Check out all the great things we’ve added to the library in September and October! New Non-Fiction
- Everything All at Once : How to Unleash Your Inner Nerd, Tap into Radical Curiosity, and Solve Any Problem, by Bill Nye
- Before I Had the Words : On Being a Transgender Young Adult, by Skylar Kergil
- The Argonauts, by Maggie Nelson
- Unbelievable : My Front-Row Seat to the Craziest Campaign in American History, by Katy Tur
- The Infographic Guide to Science, by Tom Cabot
- Bold Women of Medicine : 21 Stories of Astounding Discoveries, Daring Surgeries, and Healing Breakthroughs, by Susan Latta
- The TB12 Method : How to Achieve a Lifetime of Sustained Peak Performance, by Tom Brady
- Do No Harm : Stories of Life, Death, and Brain Surgery, by Henry Marsh
- Spaceman : An Astronaut’s Unlikely Journey to Unlock the Secrets of the Universe, by Mike Massimino
- Myers+Chang at Home, by Joanne Chang (cookbook!)
- A Girl and Her Greens : Hearty Meals from the Garden, by April Bloomfield (cookbook!)
- The Cubs Way : The Zen of Building the Best Team in Baseball and Breaking the Curse, by Tom Verducci
- Theft by Finding : Diaries (1977-2002), by David Sedaris
- The Unwomanly Face of War : An Oral History of Women in World War II, by Svetlana Aleksievich
- The Vietnam War : An Intimate History, by Geoffrey C. Ward
- The Stranger in the Woods : The Extraordinary Story of the Last True Hermit, by Michael Finkel
- Killers of the Flower Moon : The Osage Murders and the Birth of the FBI, by David Grann
- The Locals: A Novel, by Jonathan Dee
- The Child Finder, by Rene Denfield
- Dinner at the Center of the Earth, by Nathan Englander
- Less: A Novel, by Andrew Sean Greer
- Eleanor Oliphant is Completely Fine, by Gail Honeyman
- Gwendy’s Button Box, by Stephen King
- A Stranger in the House, by Shari Lapeña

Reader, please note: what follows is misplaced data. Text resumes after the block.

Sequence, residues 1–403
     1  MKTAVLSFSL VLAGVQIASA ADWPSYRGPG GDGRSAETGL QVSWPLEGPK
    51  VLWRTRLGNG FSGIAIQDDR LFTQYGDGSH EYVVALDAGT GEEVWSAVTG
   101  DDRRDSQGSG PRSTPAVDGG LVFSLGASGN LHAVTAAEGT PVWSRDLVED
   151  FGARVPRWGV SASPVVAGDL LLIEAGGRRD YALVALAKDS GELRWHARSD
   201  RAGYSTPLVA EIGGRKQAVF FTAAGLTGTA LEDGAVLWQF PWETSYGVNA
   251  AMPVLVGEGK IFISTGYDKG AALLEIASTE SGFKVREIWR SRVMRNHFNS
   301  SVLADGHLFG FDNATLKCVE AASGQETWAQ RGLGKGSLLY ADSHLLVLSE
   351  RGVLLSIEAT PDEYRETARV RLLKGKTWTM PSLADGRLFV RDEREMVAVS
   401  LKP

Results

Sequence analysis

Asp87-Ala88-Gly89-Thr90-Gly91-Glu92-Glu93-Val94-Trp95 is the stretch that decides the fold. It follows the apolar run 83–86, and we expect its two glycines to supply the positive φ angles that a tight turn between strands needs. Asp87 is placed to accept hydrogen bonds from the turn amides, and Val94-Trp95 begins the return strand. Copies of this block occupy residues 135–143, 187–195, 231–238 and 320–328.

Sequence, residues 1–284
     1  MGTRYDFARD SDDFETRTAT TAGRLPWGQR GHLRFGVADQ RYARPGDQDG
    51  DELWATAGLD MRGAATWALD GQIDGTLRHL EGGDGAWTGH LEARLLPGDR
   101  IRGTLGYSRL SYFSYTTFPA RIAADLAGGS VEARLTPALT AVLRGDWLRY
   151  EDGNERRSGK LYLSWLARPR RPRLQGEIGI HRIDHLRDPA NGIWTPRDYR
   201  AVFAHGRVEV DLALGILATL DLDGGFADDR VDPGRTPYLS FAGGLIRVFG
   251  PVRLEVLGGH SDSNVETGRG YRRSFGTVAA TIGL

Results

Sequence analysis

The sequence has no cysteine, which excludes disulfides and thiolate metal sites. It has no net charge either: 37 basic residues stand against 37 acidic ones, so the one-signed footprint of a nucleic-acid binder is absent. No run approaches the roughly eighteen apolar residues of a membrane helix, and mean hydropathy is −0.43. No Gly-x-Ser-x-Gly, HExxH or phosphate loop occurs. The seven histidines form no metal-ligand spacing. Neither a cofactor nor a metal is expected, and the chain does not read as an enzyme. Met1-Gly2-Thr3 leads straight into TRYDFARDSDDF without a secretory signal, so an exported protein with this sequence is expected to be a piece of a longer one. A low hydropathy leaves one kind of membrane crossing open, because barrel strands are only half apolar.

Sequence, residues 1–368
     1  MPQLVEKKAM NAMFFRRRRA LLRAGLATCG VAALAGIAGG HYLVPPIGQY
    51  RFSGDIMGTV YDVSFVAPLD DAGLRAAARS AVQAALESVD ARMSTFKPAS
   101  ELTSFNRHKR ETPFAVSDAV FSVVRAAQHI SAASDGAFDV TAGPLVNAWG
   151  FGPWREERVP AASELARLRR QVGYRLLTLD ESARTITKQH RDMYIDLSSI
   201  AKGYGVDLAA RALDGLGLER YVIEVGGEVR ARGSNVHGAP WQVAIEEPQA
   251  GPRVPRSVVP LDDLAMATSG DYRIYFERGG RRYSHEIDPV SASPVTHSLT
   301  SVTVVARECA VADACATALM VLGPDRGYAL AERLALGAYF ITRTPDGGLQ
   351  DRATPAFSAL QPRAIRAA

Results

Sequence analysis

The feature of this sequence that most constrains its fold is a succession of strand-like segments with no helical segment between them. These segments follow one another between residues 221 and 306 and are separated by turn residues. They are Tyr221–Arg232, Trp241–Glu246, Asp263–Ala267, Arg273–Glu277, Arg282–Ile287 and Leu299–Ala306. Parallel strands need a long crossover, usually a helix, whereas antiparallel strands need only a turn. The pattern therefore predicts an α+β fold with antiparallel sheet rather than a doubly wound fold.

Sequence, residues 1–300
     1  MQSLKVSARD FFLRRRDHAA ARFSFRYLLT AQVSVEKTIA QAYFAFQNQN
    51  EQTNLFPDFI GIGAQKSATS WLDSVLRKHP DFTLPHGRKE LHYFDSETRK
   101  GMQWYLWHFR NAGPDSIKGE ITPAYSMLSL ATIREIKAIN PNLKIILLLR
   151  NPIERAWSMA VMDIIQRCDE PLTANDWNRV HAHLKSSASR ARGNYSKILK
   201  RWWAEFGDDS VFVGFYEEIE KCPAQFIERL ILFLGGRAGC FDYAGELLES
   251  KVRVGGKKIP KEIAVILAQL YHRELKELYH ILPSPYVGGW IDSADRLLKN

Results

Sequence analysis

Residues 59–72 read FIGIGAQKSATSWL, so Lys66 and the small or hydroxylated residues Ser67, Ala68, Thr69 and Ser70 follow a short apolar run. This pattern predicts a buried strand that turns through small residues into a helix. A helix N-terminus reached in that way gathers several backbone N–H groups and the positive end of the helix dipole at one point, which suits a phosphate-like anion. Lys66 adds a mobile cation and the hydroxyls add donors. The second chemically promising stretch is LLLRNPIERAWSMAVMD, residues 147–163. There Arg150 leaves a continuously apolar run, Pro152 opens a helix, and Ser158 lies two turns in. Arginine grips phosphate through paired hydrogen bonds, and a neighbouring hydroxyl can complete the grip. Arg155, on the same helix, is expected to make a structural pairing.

- Provenance, by Ann Leckie
- Pachinko, by Min Jin Lee
- Five-Carat Soul, by James McBride
- Gather the Daughters, by Jennie Melamed
- Little Fires Everywhere, by Celeste Ng
- The Alice Network, by Kate Quinn
- The Golden House: A Novel, by Salman Rushdie
- New People, by Danzy Senna
- The Lying Game, by Ruth Ware
New Middle School/Young Adult Fiction
- Wonder Woman : Warbringer, by Leigh Bardugo
- The One Memory of Flora Banks, by Emily Barr
- Refugee, by Alan Gratz
- Turtles All the Way Down, by John Green
- The Gentleman’s Guide to Vice and Virtue, by Mackenzi Lee
- Genuine Fraud, by E. Lockhart
- Warcross, by Marie Lu
- Bang, by Barry Lyga
- Tower of Dawn, by Sarah Maas
- One of Us is Lying, by Karen McManus
- When Dimple Met Rishi, by Sandhya Menon
- The Arsonist, by Stephanie Oakes
- Miles Morales : Spider-man, by Jason Reynolds
- I Am Not Your Perfect Mexican Daughter, by Erika Sánchez
- They Both Die at the End, by Adam Silvera
- The Epic Crush of Genie Lo, by F.C. Yee
- Patina by Jason Reynolds
- Children of Exile by Margaret Peterson Haddix
New Graphic Novels
Spring break is almost here and if you are looking for something to watch, read or listen to, the library has a bunch of new books, DVDs and other fun things for you to borrow. Don’t like physical objects? Books too heavy for your flight? Check out an iPod! We can pre-load it with audio books, or you can sync it to your music collection! Ask a librarian for more details. Are you going on a Nobles trip and can’t bring your phone? Check out a good, old fashioned digital camera! Or a newfangled GoPro!! New Fiction
New Young Adult Fiction
New Books about Art, Music,
As active consumers of media, we must all take steps to ensure that the news we are reading is current and authoritative. This is true of most everything we read (especially when writing research papers!), but it is especially important when we are informing ourselves of events and issues at the local, national and global level. It is also important to remember that there is a difference between news with a bias or point of view and news that is inaccurate or false. All news sources have a bias of some sort; this just means that it is important to read news presented from many different points of view. Avoid news from unreliable sources (regardless of political point of view; this is a bipartisan issue) that don’t employ journalists, fact check or share their sources. Our top tips for evaluating news are:
- Read the whole article before you repost. Get past the click-bait headline!
- Evaluate the source and author. The most reliable sources employ journalists and editors.
- Check the publication date. This is important to make sure you’re getting current news.
- Google it to see if other news sources are reporting it.